K2 2023 Coverage: Kristin Harila & Tenjen (Lama) Sherpa get K2 for their Last 8000er

This is a developing story.

Now Confirmed: Kristin Harila, 37, Tenjen (Lama) Sherpa and the team’s tracker shows them at the summit. She has summited all fourteen 8000ers, along with Tenjen (Lama) Sherpa, in three months and 1 day (92 days.) They are part of an international commercial team from Seven Summits treks. The summiteers included:

1. Kristian Harila 🇳🇴
2. Tenjen Sherpa (LAMA) 🇳🇵
3. Chhiring Namgel Sherpa 🇳🇵
4. Mingma Tenjen Sherpa 🇳🇵
5. Ang Dawa Sherpa 🇺🇸 🇳🇵
6. Muktu Lakpa Sherpa 🇳🇵
7. Sarah Adbovais 🇮🇷
8. Lakpa Thendu Sherpa 🇳🇵
9. Josette Valloton 🇨🇭
10. Nima Rinji Sherpa 🇳🇵
11. Fedor Kuprichenkov 🇷🇺
12. Phurba Sherpa 🇳🇵
– Fixing Team – From Seven Summit Treks
1. Pasang Nurbu Sherpa 🇳🇵
2. Mingtemba Sherpa 🇳🇵
3. Ngima Dorchi Sherpa

Some teams have turned back due to deep, unconsolidated snow around the Bottleneck, creating dangerous climbing conditions. We’ll see how many actually summit today.

Update July 27, 2023, 10:00 a.m. Pakistani time

The rope fixing teams were reported to be only 200 meters away from the summit three hours ago, so conditions must be difficult. An update from Pioneer Adventure now says they are steps away from the summit as of 9:00 a.m. Pakistani time.

Previous Updates

Reports from K2 have the rope fixing team at traverse on the bottleneck. The weather has calmed after a few days of heavy snow. The rope team left at 6:00 pm local time, and most of the others will leave around midnight.

Garrett Madison of Madison Mountaineering reported his team is on their summit push, hoping to top out on July 27. They will follow the rope team to the summit since heavy snow has delayed them the past couple of days. Often climbers will get frostbite using this model as the rope team moves slowly, and the followers will stand in a long queue, using limited oxygen and getting cold. Maddison has left hours after them to manage this risk,

Look for over 150 people to summit if the weather holds, with perhaps another 100 stationed lower on the mountain.

This feels a bit rushed regarding avalanche risk, given the heavy snow over the past few days. The rule of thumb is to wait at least 24 to 36 hours to allow new snow to bond to the existing snow, otherwise you risk slab avalanches. However, K2’s topology is known for clearing the snow on the upper mountain as high winds swirl over the summit and down the peak. Let’s hope for the best.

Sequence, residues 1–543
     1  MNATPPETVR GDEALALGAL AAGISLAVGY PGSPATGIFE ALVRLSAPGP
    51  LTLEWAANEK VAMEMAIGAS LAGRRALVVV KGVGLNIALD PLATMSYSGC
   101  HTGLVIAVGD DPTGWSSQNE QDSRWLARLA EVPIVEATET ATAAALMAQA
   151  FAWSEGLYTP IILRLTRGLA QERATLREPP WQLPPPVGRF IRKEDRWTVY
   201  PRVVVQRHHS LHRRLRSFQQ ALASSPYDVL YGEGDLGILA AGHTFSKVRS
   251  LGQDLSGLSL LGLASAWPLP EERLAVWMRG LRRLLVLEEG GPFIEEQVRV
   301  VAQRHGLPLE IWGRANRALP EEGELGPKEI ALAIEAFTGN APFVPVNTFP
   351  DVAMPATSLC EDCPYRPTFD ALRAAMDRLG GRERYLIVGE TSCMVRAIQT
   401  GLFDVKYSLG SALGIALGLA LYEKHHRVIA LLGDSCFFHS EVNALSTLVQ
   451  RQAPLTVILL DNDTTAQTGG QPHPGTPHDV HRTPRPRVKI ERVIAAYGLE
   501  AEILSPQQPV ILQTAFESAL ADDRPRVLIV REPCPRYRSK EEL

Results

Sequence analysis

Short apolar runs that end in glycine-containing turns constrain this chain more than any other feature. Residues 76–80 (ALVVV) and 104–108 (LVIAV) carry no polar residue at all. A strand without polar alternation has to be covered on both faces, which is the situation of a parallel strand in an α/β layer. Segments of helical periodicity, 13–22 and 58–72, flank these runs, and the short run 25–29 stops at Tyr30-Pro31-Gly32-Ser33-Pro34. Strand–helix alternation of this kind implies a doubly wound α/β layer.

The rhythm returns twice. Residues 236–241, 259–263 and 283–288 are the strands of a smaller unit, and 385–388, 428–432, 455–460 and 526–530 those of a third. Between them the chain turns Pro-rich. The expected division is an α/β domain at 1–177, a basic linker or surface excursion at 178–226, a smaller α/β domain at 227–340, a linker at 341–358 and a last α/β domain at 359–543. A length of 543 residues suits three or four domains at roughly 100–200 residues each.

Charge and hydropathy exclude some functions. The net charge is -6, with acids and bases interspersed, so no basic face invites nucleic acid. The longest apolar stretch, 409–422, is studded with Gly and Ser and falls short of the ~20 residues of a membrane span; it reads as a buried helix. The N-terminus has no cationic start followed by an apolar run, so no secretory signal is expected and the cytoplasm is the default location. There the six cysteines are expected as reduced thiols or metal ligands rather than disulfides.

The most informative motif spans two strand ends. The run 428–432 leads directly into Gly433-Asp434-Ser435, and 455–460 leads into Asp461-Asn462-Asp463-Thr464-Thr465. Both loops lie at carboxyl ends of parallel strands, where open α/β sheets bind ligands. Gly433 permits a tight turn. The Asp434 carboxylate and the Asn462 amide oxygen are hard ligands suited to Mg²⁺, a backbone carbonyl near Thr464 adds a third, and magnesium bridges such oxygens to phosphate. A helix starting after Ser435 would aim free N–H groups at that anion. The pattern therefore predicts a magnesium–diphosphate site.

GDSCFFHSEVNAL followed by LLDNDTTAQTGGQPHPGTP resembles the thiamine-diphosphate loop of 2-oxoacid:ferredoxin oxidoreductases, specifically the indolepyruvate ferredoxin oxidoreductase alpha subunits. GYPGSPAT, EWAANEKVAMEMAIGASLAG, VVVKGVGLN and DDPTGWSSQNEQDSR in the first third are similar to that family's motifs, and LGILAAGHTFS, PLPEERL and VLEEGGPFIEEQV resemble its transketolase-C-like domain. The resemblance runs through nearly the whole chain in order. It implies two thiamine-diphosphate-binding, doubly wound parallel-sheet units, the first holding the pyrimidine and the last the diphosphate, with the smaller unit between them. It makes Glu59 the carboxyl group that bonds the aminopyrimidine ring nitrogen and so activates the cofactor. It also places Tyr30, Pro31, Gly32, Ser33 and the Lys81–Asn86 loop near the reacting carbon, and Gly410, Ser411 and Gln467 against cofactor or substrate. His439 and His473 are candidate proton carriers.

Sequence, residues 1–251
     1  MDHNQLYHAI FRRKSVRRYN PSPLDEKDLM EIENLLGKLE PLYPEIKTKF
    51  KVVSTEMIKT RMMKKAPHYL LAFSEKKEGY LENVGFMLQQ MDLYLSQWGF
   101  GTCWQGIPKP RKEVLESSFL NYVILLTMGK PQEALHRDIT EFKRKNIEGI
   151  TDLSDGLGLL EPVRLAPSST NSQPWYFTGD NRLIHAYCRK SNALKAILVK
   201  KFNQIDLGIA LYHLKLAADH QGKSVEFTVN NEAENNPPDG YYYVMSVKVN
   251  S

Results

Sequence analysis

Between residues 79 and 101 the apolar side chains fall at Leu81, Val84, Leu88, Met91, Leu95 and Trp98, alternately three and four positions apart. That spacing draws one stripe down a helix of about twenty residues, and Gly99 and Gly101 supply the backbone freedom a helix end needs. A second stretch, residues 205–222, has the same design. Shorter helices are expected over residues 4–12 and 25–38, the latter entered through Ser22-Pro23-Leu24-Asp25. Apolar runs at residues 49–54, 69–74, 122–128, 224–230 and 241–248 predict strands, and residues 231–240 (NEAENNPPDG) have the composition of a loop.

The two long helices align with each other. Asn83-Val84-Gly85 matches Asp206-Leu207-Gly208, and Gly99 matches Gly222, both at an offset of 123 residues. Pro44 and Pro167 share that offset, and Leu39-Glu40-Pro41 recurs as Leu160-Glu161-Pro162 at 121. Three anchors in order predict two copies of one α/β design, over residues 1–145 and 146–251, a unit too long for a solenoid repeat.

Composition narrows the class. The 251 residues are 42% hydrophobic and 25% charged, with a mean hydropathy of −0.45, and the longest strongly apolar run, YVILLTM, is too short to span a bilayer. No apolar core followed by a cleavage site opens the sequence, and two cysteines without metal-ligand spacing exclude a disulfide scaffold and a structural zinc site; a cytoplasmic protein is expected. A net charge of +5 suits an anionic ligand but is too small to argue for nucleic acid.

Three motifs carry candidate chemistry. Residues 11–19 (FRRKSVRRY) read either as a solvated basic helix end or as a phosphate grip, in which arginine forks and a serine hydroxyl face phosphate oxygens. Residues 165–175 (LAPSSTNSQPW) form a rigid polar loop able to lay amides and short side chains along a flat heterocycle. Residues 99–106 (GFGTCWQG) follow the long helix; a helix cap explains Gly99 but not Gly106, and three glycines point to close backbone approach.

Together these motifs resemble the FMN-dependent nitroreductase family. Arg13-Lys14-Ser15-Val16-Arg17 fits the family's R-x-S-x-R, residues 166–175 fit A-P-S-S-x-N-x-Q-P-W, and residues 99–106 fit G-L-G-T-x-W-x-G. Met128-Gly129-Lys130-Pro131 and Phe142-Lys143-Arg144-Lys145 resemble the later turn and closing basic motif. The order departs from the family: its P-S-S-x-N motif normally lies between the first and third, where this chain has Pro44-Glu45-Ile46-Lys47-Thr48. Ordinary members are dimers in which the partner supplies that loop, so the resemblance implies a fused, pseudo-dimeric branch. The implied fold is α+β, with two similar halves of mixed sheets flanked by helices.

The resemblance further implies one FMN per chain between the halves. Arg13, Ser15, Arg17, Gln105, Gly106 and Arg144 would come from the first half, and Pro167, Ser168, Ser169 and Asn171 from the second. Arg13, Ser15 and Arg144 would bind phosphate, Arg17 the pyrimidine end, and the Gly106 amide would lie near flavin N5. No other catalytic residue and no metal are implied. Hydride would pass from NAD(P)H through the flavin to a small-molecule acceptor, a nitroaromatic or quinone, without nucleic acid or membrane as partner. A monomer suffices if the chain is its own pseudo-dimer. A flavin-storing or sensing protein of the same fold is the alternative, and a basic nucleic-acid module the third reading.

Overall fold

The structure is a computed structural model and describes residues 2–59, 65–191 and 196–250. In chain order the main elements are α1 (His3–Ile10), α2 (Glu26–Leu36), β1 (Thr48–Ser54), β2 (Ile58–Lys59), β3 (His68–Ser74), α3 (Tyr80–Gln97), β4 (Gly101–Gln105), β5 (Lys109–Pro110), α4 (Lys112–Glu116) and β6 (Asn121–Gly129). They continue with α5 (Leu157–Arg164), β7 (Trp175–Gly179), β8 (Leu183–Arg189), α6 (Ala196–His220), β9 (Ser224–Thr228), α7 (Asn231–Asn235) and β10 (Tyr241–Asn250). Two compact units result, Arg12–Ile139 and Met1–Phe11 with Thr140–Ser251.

Hello! This is Garrett calling in for the Madison Mountaineering K2 (8611m/28,251ft) expedition. Today is July 26th and our team’s up at Camp 3 (7250m/23,800ft) and preparing to leave for their summit push in one hour at 9:00 PM here in Pakistan.

They took a rest day today in Camp 3 as the rope fixing team, which our Sherpas are a part of, pushed up to Camp 4 (7681m/25,200ft) and has been fixing above Camp 4, hopefully reaching the bottleneck section soon and the traverse. So, our team is a few hours behind when they leave tonight and hopefully they will climb up and make good time with good conditions, good weather, and hopefully get a summit of K2 tomorrow on the morning of July 27th.

So we will stay up tonight following their progress on the route as they climb! Praying and wishing them good luck and good conditions, and cannot wait to hear how it goes. Check in soon!

UPDATE: Kristin, Tenjen (Lama) Sherpa and the team are now at 7,993 meters as of 12:36 PM, July 26, 2023.

Kristin Harila, Tenjen (Lama) Sherpa and team are reported between Camp 3 and 4 at 7,855 meters as of Jul 26, 2023, 11:52:00 AM, according to their tracker, but may have left for the summit as July 27 is a good summit day according to many forecasts.

Best of luck to all.

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3 thoughts on “K2 2023 Coverage: Kristin Harila & Tenjen (Lama) Sherpa get K2 for their Last 8000er

  1. Why use Nepalese word Sherpa for Pakistani guides? Ther must be a word in Urdu ?

    1. Stephen, I’m not sure what you mean. As I bet you already know, Sherpa is the name of a people and many teams brought in support climbers with the last names of “Sherpa”. In Pakistan, people who have traditionaly supported climbers have been called “High Altitude Porters” or HAPs. Today, they are much more than porters, so I prefer High Altitude Climbers, but certainly not Sherpa.

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